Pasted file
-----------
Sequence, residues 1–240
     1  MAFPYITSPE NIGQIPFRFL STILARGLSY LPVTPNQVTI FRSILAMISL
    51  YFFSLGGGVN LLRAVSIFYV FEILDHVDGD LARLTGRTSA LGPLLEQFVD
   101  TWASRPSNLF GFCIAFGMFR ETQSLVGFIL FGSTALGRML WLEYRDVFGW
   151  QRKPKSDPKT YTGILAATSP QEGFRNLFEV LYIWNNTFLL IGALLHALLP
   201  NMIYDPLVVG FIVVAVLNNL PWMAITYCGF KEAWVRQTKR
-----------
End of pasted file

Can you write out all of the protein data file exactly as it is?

Sequence, residues 1–240
     1  MAFPYITSPE NIGQIPFRFL STILARGLSY LPVTPNQVTI FRSILAMISL
    51  YFFSLGGGVN LLRAVSIFYV FEILDHVDGD LARLTGRTSA LGPLLEQFVD
   101  TWASRPSNLF GFCIAFGMFR ETQSLVGFIL FGSTALGRML WLEYRDVFGW
   151  QRKPKSDPKT YTGILAATSP QEGFRNLFEV LYIWNNTFLL IGALLHALLP
   201  NMIYDPLVVG FIVVAVLNNL PWMAITYCGF KEAWVRQTKR